• Shot peening to improve fatigue life, corrosion fatigue and stress cracking
  • Electro-polishing and other surface technologies to enhance metallurgical performance

Obtaining voice-of-the-customer input and conducting systematic failure or root-cause investigations improves reliability.

Reliability upgrades must be carefully implemented to avoid damages due to deviation from rated conditions. This can be achieved by material upgrades, modified environment and electrical protection.

Material selection begins with defining the expected process and operating conditions, along with other practical engineering and commercial considerations. Materials and metallurgical experts play a vital role for optimum material selection based on knowledge not only on material performance, but also the fabricability, availability and total costs. Fundamentally, a thorough evaluation of parameters listed below helps to inform reliable decision making.

Vikas Panchal is global manager, materials technology, India Technology Center, ITT Goulds Pumps.


  1. Mechanical Engineers’ Handbook: Materials & Mechanical Design, Volume 1, 3rd Edition, by John Wiley & Sons, Inc.
  2. Norsok standard M-001, revision 4, for material selection.
  3. Materials Engineering for the Chemical Process Industries – A Concise Handbook of CPI Materials with an Introduction to Materials Selection, Materials Protection and Corrosion Control. By Prof.dr.ir. Walter BOGAERTS.
  4. Technology Roadmap for Materials of Construction, Operation and Maintenance in the Chemical Process Industries. By Materials Technology Institute of the Chemical process Industries.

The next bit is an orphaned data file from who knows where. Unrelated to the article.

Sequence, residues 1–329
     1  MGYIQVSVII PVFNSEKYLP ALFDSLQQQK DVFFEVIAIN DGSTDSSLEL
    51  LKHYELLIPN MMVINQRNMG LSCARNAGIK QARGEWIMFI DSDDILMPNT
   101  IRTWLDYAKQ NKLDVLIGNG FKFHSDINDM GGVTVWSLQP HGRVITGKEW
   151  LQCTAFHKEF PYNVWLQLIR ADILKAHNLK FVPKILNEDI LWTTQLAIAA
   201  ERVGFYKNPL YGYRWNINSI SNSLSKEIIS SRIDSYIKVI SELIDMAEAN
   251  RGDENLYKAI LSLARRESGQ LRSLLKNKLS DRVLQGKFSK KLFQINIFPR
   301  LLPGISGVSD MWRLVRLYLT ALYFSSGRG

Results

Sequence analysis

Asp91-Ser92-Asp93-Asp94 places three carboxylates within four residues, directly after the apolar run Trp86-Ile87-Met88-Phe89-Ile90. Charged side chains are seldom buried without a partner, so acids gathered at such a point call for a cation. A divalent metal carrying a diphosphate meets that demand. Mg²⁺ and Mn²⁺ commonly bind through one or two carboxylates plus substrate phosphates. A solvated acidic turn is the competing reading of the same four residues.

5. Materials selection for Seawater Pumps. By Stephen J. Morrow, ITT Corporation.
  6. Recommended Practice No. SNT-TC-1A : 2011 (The American Society for Nondestructive Testing, Inc.)
  7. Melting and refining technology of high temperature steels and super alloys. By R Schlatter, Latrobe Steel Company, Pennsylvania, US.

Sponsored Recommendations

Choosing The Right Partner for CHIPS Act Investments

As the U.S. looks to invest in the semiconductor research and production using CHIPS Act 2022 funding, it's important to choose the right partner.

EMWD Uses Technology to Meet Sustainability Goals

Eastern Municipal Water District pilots artificial intelligence-enabled control and machine learning to help save energy, reduce costs, and improve quality.

Protein Processing Solutions: Automation & Control

For protein processors looking to address industry challenges, improve efficiency, and stay ahead in a competitive market, Rockwell Automation offers tailored automation, control...

Automotive Manufacturing Innovation: Smart Solutions for a Connected Future

Rockwell Automation provides automation and control systems tailored for the automotive and tire industries, supporting electric vehicle production, tire production, battery production...